Make a Boat Out of Recycled Objects
This activity is great because it gets kids to create their own toy. Using a juice box, heavy paper (consider using junk mail), and a stick, kids can make and decorate their very own boat. Once it’s made, head out to the stream and let them use their imagination.
Mud Brick Houses
We’re not sure your child will ever go back to store-bought blocks after they get nice and dirty with mud bricks. In this activity, kids create their own bricks using not much more than what comes straight from the earth. The beauty of mud bricks is that they can be made in any shape and size so in terms of design, the sky is the limit. Plus, when they are done, the bricks just become a part of the earth again. Click here for details.
Junk Mail Crafts
Even if you have done your eco-duty by requesting that companies stop sending you their catalogues, you probably still get your fair share of paper spam. So, how about taking some of that junk mail and turning it into an eco project? This site has some great ideas on what you can do to turn a negative into a positive.
Creativity can be found all around us. No further proof is needed than these delightful figures made of leaves. Kids will spend their afternoon searching the forest for leaves of all shapes and sizes in order to create people, animals or whatever else they would like. It’s a perfect combination of exploring nature and flexing their creative muscles. Click here for details.
Sadly, many kids don’t know much about where their food comes from. What better lesson than to let them grow their own? Whether you have a bright windowsill, or a full backyard and garden, seeds can be grown anywhere. Check out these great tips on how to plant seeds with kids.
Make a Birdfeeder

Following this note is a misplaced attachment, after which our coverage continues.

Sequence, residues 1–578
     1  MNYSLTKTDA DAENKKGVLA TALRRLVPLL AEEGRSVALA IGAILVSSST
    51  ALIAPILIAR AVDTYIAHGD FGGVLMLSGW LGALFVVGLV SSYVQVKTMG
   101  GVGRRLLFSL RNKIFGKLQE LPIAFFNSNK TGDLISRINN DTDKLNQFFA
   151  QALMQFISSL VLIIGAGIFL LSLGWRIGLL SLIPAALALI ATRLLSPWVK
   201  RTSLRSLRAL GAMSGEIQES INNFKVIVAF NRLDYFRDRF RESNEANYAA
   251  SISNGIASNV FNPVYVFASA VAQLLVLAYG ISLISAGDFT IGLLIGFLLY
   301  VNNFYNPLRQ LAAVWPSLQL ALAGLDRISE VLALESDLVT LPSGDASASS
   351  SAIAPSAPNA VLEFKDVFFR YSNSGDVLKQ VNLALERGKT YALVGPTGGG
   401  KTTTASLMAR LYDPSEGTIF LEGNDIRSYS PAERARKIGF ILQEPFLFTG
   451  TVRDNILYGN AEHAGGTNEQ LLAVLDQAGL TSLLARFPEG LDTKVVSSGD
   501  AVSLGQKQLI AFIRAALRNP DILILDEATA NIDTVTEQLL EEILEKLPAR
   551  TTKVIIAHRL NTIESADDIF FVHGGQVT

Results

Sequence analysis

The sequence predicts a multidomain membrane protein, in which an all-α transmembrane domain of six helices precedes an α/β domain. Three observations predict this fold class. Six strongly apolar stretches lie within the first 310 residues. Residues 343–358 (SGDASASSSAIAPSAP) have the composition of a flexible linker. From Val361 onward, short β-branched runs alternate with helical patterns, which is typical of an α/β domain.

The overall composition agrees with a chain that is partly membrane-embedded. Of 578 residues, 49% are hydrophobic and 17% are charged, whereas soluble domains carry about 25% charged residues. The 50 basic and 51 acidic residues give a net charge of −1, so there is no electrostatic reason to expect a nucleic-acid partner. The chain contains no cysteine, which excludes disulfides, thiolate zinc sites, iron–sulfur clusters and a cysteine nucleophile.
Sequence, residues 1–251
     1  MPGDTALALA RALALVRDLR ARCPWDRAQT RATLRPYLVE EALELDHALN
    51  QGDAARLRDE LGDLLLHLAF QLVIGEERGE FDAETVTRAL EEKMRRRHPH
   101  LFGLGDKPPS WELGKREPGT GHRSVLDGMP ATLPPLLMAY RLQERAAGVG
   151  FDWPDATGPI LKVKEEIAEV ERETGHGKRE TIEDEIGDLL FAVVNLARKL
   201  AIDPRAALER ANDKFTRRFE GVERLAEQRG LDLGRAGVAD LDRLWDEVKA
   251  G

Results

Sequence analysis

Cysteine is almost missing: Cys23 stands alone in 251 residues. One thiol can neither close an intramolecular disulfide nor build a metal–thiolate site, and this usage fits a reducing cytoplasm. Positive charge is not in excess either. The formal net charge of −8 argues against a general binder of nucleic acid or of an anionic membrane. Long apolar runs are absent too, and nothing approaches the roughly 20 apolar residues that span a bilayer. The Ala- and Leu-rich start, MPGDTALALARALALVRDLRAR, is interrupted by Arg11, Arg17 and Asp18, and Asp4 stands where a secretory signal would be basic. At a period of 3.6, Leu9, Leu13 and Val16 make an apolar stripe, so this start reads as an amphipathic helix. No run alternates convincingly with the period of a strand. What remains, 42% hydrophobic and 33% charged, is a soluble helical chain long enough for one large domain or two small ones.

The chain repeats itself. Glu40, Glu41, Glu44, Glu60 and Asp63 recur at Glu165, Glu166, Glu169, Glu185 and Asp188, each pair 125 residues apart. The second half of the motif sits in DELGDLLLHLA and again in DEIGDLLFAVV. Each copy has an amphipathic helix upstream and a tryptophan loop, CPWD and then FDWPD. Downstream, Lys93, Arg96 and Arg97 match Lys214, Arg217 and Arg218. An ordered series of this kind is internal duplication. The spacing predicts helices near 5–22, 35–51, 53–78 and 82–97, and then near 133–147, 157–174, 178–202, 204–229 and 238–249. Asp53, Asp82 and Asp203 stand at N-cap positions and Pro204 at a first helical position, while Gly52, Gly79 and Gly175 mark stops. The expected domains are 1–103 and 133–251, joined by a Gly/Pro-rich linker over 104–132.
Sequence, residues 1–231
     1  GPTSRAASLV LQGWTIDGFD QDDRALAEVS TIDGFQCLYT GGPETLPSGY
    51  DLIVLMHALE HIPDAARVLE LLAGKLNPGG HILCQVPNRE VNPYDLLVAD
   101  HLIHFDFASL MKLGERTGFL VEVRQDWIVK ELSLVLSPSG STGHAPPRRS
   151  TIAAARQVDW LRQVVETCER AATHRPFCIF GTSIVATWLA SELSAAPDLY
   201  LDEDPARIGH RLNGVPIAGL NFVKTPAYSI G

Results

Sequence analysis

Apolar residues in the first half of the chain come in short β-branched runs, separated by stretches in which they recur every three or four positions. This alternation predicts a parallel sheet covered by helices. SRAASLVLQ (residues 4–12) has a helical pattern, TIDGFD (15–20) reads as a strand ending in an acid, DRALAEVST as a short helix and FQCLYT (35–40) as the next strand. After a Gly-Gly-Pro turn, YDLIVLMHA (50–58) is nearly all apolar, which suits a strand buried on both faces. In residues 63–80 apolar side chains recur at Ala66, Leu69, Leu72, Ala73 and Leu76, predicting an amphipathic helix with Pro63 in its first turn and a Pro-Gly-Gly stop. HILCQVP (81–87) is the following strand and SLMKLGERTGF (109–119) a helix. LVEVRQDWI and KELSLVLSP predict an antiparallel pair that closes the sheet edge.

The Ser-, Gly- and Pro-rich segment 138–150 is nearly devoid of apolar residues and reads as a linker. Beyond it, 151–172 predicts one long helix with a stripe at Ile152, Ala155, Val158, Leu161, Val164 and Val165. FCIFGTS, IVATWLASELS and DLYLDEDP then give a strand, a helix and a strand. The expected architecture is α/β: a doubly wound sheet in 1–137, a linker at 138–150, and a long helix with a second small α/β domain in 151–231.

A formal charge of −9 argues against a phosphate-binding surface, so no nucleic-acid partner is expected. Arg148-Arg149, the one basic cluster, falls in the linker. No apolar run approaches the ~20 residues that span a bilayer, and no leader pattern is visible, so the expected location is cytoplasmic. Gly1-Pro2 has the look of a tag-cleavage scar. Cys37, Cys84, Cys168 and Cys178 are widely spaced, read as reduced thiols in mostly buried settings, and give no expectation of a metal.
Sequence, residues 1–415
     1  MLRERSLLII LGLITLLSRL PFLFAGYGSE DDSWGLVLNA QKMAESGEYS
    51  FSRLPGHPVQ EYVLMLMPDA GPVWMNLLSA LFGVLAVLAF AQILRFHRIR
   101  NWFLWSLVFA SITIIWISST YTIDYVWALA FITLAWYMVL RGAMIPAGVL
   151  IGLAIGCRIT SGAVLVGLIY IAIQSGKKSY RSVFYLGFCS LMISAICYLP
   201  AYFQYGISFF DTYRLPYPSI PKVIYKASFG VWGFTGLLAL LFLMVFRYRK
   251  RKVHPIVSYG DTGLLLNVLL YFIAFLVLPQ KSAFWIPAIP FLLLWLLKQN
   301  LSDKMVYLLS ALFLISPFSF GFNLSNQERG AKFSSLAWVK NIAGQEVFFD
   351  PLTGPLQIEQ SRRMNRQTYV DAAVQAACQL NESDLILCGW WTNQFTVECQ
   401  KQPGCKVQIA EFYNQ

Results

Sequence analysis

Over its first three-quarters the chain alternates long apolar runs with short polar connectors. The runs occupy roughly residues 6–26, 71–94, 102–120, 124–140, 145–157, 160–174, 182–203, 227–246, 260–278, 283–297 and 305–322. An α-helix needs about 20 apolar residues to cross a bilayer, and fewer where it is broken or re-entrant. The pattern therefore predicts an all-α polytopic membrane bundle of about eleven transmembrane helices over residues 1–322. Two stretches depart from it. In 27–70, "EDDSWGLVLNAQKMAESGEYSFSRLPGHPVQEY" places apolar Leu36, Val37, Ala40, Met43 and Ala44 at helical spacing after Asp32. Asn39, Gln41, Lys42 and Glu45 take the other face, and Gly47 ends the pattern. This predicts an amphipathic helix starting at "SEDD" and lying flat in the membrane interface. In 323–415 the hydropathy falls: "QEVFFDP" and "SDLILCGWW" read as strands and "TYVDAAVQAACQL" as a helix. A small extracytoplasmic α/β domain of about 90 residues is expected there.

This wonderful craft will teach kids how to share their world with animals and allow them to get their creative juices flowing. Search online for how to make a birdfeeder that suits your place in order to turn your home into a bird sanctuary.
Once you’ve made your birdfeeder, why not grab a book on local birds so your child can learn about the many exciting varieties that live right in your backyard. Even without a birdfeeder, you can always take a hike keeping your eyes pointed upwards in order to identify various species. As Cornell U. notes, you don’t have to be an expert and part of the fun can be learning along with the kids. Click here for details.
Take a Hike
Connect with nature by taking a romp through the forest. Check out the trees, wildflowers, and birds. Allow the kids to get some exercise and use their imagination. Perhaps collect leaves to create your leaf people (see above) or bring a book on birds and do some birdwatching. The possibilities are endless when you’re out in the woods with nothing but the sounds of nature all around you.
Go for a Bike Ride
Even if you ride your bike down the same streets you usually only see from the car window, you’ll find the experience to be totally new. When you’re taking your time pedaling and feeling the wind on your face, suddenly the world comes alive. You notice the trees, the smell of the air and even wildlife. Not only does this get a kid outside, but it also gives them some exercise.
Visit the Farmer’s Market
During a time when American diets consist of 62% processed food, one could argue we need all the help we can get. Get kids excited about healthy local foods by to taking them to the farmer’s market so they can pick their own. That pint of strawberries will look so red and delicious. Not only will they meet local farmers in their community and help the environment by buying local, but they will also enjoy nutritious treats you can feel good about.
Search for Wildflowers
While we spend lots of time cultivating our own gardens on our windowsills and in our yards, Mother Nature, the ultimate gardener, spends her days growing wildflowers everywhere from meadows to forests and even in the cracks in concrete. Take a walk with a child and see how many different wildflowers you can find. If you have a wildflower book (or want to look online when you get home), try to identify them and learn more about the native plants in your area. Or, bring a camera and take pictures of all the different varieties to create a flower album.
The summer offers so many wonderful things to do. Do you have any favourite eco activities you recommend for the warmer weather?
[c/o Teach Heart]